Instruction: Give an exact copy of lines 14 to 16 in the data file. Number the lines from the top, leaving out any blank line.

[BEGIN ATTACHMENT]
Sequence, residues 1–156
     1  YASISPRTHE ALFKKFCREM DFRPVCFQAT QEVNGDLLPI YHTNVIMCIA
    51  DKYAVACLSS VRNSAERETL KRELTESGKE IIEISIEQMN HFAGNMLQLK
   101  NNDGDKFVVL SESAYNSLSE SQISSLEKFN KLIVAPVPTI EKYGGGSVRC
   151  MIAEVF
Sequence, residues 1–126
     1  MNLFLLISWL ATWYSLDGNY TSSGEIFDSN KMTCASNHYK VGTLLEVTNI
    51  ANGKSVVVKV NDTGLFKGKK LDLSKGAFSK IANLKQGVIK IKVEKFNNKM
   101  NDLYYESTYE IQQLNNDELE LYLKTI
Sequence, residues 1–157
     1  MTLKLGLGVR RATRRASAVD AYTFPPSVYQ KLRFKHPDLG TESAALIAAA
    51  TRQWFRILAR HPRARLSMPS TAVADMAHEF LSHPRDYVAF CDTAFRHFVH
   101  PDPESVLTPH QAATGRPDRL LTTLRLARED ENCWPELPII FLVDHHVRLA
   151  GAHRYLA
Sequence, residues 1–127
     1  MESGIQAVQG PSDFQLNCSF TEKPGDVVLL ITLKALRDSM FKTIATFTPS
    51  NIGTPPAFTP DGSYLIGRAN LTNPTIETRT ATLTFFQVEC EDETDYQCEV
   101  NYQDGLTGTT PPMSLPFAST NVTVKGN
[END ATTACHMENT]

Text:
   151  GAHRYLA
Sequence, residues 1–127
     1  MESGIQAVQG PSDFQLNCSF TEKPGDVVLL ITLKALRDSM FKTIATFTPS